that absolutely anything is possible.
When the Australian band decided to break through in the U.S., founding
members, vocalist/guitarist/songwriter Shimon Moore and his high school classmate,
bassist Emma Anzai, simply picked up and moved lock, stock and guitar to L.A.,
advertised for a drummer on Craig's List, and were soon joined by Orange County
native Mark Goodwin.
The band's acclaimed sophomore release, Tri-Polar, has sold more
than 300,000 copies to date and includes four top 10 Rock tracks "Maybe", "Odd One",
"You're Going Down", and their latest "Riptide" which has steered the way to
appearances on The Tonight Show with Jay Leno and Lopez Tonight.
To this date Sick Puppies have shared stages with the likes of Nickelback,
Seether, Shindeown, Breaking Benjamin, Evanescence, Deftones, Velvet Revolver, and
many more. Together they've created a sound that reflects the past whirlwind years
spent in the rock and roll fast lane, on the grueling tour grind, honing their chops until
they are a finely tuned powerhouse ready to let loose with the anger, frustration and
triumphs.

Lit have just released their fifth studio album, The View From The Bottom on Megaforce Records, so it's natural to ask yourself, "Where has the band been?" But the answer to that question is particularly complicated, rife with stories and situations of triumph over tribulation. The answer is all in the new record's title.

No, it has nothing to do with Lit having slid off the face of the earth (and the charts) over the past eight or so years. In fact, through a number of heartbreaking challenges, the Fullerton, CA rock band, comprised of bros, singer A. Jay Popoff, guitarist/singer Jeremy Popoff, and lifelong friends, bassist/singer Kevin Baldes and drummer Allen Shellenberger, would remain active. Even vital.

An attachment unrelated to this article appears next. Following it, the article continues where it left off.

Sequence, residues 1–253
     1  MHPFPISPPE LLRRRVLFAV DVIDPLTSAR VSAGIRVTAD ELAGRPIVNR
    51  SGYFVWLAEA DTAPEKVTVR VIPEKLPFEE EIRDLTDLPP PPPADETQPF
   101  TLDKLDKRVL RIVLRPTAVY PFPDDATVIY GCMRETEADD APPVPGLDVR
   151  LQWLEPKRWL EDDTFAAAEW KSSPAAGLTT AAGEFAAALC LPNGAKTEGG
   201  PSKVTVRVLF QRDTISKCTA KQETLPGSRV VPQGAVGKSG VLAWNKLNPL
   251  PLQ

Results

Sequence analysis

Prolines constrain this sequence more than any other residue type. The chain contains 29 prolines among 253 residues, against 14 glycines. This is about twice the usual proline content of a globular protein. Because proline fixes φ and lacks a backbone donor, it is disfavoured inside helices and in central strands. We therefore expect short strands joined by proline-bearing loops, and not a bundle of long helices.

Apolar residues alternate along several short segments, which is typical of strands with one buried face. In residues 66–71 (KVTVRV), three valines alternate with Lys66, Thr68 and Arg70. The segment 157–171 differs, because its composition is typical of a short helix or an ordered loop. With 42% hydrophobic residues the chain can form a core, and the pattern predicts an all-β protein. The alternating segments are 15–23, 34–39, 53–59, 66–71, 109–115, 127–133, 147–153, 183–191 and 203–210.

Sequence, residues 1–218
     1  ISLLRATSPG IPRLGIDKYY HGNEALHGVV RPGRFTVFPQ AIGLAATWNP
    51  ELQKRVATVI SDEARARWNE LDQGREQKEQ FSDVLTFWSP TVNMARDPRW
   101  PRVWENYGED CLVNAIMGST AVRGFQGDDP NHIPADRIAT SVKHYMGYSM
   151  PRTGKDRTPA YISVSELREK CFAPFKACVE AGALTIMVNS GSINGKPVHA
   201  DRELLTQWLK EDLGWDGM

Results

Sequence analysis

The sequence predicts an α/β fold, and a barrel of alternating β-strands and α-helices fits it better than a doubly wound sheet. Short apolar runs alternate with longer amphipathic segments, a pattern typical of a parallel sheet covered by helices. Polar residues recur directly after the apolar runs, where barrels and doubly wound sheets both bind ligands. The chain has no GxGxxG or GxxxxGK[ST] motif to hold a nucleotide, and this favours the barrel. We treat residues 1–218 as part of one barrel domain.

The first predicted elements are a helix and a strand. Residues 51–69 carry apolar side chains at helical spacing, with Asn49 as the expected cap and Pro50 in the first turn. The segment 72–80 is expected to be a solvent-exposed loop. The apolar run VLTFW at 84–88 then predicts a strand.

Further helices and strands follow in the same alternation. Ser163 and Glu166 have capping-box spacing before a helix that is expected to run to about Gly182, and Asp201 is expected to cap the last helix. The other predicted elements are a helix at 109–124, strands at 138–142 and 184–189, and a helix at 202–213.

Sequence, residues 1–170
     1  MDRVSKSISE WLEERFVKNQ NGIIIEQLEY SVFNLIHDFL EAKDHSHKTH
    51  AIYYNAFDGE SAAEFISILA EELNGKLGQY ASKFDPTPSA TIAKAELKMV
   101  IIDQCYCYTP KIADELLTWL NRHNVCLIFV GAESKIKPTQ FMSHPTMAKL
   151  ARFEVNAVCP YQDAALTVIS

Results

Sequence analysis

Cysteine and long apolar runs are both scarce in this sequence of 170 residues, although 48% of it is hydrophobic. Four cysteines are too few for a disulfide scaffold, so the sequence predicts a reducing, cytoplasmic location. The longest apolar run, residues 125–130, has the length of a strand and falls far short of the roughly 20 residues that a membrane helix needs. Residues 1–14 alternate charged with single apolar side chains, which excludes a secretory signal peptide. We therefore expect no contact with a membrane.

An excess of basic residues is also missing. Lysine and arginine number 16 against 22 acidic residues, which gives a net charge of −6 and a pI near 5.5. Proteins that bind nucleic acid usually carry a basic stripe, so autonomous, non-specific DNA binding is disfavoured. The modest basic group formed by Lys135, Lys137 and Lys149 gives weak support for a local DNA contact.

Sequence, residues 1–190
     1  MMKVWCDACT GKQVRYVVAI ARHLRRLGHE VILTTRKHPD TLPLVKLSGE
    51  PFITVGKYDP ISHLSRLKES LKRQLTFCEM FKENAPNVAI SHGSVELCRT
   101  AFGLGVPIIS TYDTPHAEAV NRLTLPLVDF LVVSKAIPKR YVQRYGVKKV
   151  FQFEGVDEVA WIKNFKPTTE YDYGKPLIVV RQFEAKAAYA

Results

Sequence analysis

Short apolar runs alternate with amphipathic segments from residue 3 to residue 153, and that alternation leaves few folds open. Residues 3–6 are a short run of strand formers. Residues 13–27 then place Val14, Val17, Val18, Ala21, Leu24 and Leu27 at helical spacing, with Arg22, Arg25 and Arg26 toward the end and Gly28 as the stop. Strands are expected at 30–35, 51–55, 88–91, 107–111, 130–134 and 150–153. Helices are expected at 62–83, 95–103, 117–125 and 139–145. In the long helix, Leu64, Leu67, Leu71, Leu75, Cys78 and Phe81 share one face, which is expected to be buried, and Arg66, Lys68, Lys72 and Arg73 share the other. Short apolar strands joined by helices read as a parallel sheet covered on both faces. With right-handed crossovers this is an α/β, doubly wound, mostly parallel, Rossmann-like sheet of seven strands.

As if it needs to be said, the group, had seen significant success with their second album A Place in the Sun (1999) which spawned 3 uber hit singles: "Miserable," which went to #3 on the Modern Rock Tracks, and whose video featured the flaxen voluptitude of Pamela Anderson; "Zip-Lock," and "My Own Worst Enemy" (which held the number one position on the Billboard Hot Modern Rock Tracks chart for three months, and received a Billboard Music Award for the biggest modern rock song of 1999). The song has actually sold over 650,000 downloads to date, which is no small feat considering that it was released before the advent of that technology.
Most of Lit's salad days were spent on the road. They rocked Woodstock 1999 and supported the Offspring, No Doubt and Garbage, spanning the globe and clocking in close to 500 shows between 1999 and 2000 (They were also seen all over television on MTV Spring Break, Cribs, TRL, Leno, Conan and more). And riding on its heels, A Place In The Sun's 2001 follow-up Atomic boasted yet another Top Ten single for the band, "Lipstick And Bruises," and a support tour with Kid Rock.
After a very short breather, Lit would again, hit the road in 2003, this time, with a more intimate club tour to support the release of their fourth, self-titled LP, released in 2004, post a bold move to an indie label. A long-form live performance DVD release, All Access would follow later that year, and concurrently, Jeremy would give the band's hometown of Fullerton, CA a new watering hole, the Slidebar, which fast became a top Orange County hang.
Then, in a tragic turnabout of fortune, A. Jay and Jeremy's stepfather was killed and their mother seriously injured when they were involved in a motorcycle accident with a drunk driver on the Ortega Highway near their home in Lake Elsinore. The tragedy would make it extremely difficult for the band to weather the work but despite it all, they would continue to write and play shows. In July of 2008, the band had been called to support Kiss on a European tour but just days before the first date, misfortune befell the group again when Shellenberger was diagnosed with a brain tumor. Just over a year later, the illness would take his life.
Spirits left in ruins, still A. Jay, Jeremy and Kevin found the wherewithal to make the music. Initially, the group still felt unable to pen songs for a new disc. Slowly, without forcing it, the group began writing. "It took those traumatic things to slowly start pulling us back together as a unit," says A. Jay.